The Frankfurt Chamber of Commerce held on Friday the Ethiopian-German Economic Forum. The main message was: Ethiopia is back and the government is working hard on improving the economic framework.
More than probably 150 people attended on Friday, 31 August 2018, the Ethiopian-German Economic Forum organised by the Frankfurt Chamber of Commerce. This is an impressing score for such an event. Even the German ambassador to Ethiopia, Brita Wagener, attended the Forum.
“We want to attract the private sector from Germany”, said Aklilu Hailemichael, State Minister of Foreign Affairs, who made all the way from Addis Ababa for attending this forum in Frankfurt. He presented the Growth and Transformation Plan II that aims for transforming Ethiopia into a carbon neutral economy, a manufacturing hub in Africa and a middle-income country in 2025.
Many sectors of the Ethiopian economy have been liberalised, others will be opened for foreign investors as the government of the new Prime Minister Abiy decided. Aklilu also announced the interest of Deutsche Telekom of taking a stake in the Ethiopian telecommunications monopolist. And Volkswagen is considered a car assembly plant in Ethiopia as the production of seatbelts.
Other speakers at the Forum pointed out however that the structure of the Ethiopian economy offers not so many links for German investors. The strengths of the Ethiopian economy rely on agriculture, textile and garment as on leather and shoe production. The textile and leather manufacturing industries have left Germany a long time ago.
The most important foreign investor in Ethiopia is China that is investing in one of the most important concerns of the Ethiopian government: the construction of the infrastructure. Ethiopia is investing in electric power, roads, communications services, airports and the extension of the recently finished railway line linking Addis Ababa with Djibouti. Germany however does not have any more so many construction companies that are able to compete with the Chinese infrastructure specialists.
The most important European investor in Ethiopia are the Netherlands as Dutch farmers are running a lot of successful farms producing fruit and vegetables, but also flowers. This is also a sector where Germany is underperforming as the country does not have any successful investor in the Ethiopian farming sector. Most investors in Ethiopian agriculture come from the Netherlands, Saudi Arabia or Israel.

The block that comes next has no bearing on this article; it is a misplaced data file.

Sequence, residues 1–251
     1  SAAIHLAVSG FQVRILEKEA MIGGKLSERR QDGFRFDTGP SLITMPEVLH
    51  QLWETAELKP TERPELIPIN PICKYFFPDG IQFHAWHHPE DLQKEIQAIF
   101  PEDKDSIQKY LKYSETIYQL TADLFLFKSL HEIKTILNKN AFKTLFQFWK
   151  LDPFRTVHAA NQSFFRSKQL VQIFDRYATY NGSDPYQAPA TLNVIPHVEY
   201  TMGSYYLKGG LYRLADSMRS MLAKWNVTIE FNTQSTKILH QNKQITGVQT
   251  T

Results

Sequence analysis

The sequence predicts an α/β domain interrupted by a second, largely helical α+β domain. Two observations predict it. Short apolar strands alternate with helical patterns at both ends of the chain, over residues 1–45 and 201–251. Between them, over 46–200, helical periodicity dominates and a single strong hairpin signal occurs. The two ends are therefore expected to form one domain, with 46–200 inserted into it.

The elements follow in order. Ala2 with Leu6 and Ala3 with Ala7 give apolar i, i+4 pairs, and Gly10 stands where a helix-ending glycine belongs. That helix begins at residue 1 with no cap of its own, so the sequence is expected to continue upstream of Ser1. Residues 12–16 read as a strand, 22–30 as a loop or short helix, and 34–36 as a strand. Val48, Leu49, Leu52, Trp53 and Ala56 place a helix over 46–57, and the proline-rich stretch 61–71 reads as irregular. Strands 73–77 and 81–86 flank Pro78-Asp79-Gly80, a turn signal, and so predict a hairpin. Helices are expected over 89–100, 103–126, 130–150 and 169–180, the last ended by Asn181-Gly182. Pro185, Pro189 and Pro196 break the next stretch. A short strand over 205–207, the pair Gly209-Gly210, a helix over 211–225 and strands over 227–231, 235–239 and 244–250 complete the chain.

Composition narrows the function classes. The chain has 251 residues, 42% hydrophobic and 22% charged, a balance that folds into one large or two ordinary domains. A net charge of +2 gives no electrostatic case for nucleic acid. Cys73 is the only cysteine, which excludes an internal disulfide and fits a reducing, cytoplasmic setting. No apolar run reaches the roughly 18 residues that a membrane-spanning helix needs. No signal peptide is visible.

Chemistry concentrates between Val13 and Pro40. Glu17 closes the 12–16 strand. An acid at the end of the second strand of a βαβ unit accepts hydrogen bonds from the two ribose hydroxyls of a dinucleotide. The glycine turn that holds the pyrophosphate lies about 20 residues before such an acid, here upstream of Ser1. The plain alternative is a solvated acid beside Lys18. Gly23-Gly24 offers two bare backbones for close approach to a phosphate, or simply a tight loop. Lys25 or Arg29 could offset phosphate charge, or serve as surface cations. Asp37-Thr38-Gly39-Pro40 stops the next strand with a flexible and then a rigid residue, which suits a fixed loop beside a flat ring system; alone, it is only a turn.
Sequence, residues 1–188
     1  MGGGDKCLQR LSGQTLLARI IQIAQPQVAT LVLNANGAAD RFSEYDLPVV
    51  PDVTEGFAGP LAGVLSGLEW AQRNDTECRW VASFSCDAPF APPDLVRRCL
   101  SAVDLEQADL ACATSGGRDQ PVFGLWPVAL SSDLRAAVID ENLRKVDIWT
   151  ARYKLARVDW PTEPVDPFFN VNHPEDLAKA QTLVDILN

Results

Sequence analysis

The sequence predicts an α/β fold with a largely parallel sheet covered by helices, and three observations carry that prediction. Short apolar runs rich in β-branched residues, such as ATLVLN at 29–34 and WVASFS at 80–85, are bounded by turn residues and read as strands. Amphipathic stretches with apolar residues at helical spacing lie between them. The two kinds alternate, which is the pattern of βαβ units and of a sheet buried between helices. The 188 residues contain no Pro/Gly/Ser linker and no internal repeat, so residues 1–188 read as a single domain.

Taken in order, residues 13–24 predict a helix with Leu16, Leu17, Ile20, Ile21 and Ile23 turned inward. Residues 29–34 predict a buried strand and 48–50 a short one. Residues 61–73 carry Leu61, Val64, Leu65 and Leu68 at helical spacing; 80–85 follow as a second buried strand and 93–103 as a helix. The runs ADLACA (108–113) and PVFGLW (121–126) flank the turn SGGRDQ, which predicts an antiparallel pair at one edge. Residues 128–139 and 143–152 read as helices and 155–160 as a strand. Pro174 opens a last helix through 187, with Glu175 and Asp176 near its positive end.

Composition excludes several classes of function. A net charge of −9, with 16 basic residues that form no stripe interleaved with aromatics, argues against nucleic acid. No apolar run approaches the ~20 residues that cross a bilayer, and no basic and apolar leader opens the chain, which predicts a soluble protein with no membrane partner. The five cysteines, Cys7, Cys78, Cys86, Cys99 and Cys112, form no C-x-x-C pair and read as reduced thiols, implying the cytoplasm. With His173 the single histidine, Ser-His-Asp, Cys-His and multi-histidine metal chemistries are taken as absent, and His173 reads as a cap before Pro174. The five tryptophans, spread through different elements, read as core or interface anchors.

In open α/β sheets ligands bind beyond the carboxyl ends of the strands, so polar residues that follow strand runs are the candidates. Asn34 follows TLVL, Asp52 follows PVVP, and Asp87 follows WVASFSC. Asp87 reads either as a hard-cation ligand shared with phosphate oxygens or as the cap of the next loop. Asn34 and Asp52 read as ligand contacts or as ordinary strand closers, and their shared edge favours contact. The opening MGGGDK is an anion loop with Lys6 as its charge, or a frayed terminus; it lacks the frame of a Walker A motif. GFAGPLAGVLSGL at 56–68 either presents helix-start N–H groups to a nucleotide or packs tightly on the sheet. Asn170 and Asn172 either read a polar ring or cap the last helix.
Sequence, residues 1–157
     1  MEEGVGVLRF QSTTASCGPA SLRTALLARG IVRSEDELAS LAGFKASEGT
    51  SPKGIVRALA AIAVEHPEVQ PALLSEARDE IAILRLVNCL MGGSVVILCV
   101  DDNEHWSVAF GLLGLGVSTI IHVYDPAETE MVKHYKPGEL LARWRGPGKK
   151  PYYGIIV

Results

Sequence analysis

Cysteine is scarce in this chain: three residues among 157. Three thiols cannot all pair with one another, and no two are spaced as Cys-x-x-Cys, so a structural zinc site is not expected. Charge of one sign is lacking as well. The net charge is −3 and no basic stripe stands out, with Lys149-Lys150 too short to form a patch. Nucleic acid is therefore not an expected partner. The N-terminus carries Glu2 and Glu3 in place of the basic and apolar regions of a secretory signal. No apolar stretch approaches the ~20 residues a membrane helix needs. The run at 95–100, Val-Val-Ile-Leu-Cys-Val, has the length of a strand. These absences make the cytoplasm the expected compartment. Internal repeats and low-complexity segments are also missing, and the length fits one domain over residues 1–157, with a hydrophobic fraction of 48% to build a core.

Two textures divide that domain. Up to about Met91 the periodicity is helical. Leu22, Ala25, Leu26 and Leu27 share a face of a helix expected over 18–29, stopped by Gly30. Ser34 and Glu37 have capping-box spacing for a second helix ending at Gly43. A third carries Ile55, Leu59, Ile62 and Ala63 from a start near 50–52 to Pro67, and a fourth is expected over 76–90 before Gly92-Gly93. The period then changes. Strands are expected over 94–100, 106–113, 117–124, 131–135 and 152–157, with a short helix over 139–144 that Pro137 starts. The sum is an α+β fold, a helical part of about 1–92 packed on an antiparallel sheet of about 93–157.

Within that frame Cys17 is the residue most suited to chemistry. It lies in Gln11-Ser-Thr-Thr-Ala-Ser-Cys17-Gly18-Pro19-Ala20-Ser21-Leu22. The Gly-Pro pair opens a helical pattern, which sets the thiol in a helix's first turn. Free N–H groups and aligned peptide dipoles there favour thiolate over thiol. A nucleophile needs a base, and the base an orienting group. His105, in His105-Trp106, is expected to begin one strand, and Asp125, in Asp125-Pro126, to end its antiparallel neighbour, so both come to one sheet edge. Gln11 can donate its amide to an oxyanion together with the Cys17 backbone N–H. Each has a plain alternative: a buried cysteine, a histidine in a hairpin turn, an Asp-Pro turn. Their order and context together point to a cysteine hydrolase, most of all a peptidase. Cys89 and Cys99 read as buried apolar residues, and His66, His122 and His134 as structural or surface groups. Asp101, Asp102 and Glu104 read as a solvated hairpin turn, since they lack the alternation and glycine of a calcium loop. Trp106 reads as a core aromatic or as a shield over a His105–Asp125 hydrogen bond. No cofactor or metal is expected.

However, one German investor in Ethiopia who was attending the Economic Forum is Voith Hydro, a specialist for hydroelectric power. The company based in Heidenheim, Baden-Württemberg, opened a couple of months ago in Addis Ababa its East African regional office.
Foreign investors doing business in Ethiopia often complain the burden of bureaucracy and that many sectors are not open to foreign investment. However, Teka Gebreyesus, Deputy Commissioner of the Ethiopian Investment Commission (EIC), said that foreign investors can rely on one stop shops allowing a registration of business within a couple of hours and on a after care service the government established.
One major concern for German investors remains however: Ethiopia is structurally short of hard currency making it difficult for businesspeople getting euros and dollars out of the country. German exporters have regularly to wait several months before getting paid in hard currency. The Ethiopian representatives could not announce that this problem will be solved soon, but they admitted that this shortage constitutes a problem for doing business in Ethiopia. And this is, compared to the previous government, a major step forward.
Teka called the German business community to contribute to build a strong Ethiopian export sector. And he is right. This might be a way out of this problem. Estifanos Samuel, a German-Ethiopian business consultant who moved recently from Cologne to Addis Ababa, said that Germans should not bring up conflicts too directly with Ethiopians and that they should never yell at Ethiopians, even not at their employees.